Fitzgerald reveals the life of Gatsby through the retrospective narrator Nick Carraway. Through this, it is clear from the opening chapter that Gatsby’s life is glamorous ‘there was something gorgeous about him. ’ Through the description of Gatsby’s house it is evidently home to affluence and subsequently glamour. It is described to have a ‘marble swimming pool’ and ‘forty acres of lawn’ which evokes imagery of glamour and ostentatious displays of wealth.

Furthermore, in chapter 3 Fitzgerald accentuates this glamorous image of Gatsby’s life through the lavish party complete with ‘salads of harlequin designs’ and ‘in the main hall a bar’ ‘stocked with gins and liquors. ’ These descriptions of Gatsby’s life and himself permeate the entire novel, therefore it cannot be denied that Gatsby’s life is glamorous. However, Fitzgerald also describes the people who appear at his parties who ‘conducted themselves according to the rules of behaviour associated with an amusement park. Through this symbolism Fitzgerald demonstrates how Gatsby has a grave desire to be accepted into the hedonistic society of the Roaring Twenties. The people he throws parties for and who he associates with are irresponsible, vacuous and rude, therefore suggesting that Gatsby’s lavish life is simultaneously corrupt. Similarly Fitzgerald uses contrast to demonstrate the corruption in Gatsby’s life. ‘His station wagon scampered like a brisk yellow bug’ this is not a very glamorous image which seems incongruous with the previous descriptions of affluence, this could show how Gatsby’s life has dual reflections; it is both wonderful and corrupt.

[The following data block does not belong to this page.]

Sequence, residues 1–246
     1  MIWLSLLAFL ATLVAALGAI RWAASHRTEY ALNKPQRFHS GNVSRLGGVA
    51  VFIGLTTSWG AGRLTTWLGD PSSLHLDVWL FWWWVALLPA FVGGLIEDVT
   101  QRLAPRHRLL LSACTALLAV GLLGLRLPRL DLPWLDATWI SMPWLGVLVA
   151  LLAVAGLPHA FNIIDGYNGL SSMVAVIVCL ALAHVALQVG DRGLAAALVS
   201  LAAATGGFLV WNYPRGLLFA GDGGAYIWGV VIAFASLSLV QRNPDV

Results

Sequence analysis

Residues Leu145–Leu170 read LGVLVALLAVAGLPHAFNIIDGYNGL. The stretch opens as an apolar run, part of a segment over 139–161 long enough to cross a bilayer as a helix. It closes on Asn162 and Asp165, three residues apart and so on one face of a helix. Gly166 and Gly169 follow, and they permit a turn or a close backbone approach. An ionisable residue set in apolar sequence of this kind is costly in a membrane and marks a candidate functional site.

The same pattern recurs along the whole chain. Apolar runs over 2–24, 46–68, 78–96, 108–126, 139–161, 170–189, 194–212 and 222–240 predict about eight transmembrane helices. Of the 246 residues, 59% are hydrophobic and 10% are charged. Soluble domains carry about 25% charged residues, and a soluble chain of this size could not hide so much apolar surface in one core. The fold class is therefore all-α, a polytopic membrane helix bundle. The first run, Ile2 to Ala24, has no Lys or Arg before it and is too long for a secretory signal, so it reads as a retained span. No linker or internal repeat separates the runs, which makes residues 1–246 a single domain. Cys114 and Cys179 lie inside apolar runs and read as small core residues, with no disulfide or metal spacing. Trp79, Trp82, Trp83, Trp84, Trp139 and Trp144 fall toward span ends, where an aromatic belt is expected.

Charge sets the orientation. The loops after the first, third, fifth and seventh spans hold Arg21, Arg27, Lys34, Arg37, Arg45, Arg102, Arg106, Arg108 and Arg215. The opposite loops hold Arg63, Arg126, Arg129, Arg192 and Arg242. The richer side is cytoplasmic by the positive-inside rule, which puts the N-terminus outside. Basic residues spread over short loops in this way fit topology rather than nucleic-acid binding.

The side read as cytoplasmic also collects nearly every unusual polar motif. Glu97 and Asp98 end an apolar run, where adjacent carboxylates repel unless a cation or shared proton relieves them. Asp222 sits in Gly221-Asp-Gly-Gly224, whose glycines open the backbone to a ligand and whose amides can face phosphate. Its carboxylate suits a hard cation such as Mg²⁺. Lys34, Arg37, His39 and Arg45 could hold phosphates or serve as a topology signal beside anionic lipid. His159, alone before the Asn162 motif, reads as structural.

Moreover the repulsive imagery could reflect the parasitic quality of people the ‘station wagon’ carries to Gatsby’s house ‘to and from the city’ thus furthering the argument that those who Gatsby associates with, corrupt his life and negatively impact upon him. Through this Fitzgerald is reflecting the wider immorality of those in a high economic position in the 1920s. People such as Jordan Baker and Lucille who says ‘I never care what I do, so I always have a good time’, highlighting the corruption and irresponsibility in America during the 1920s.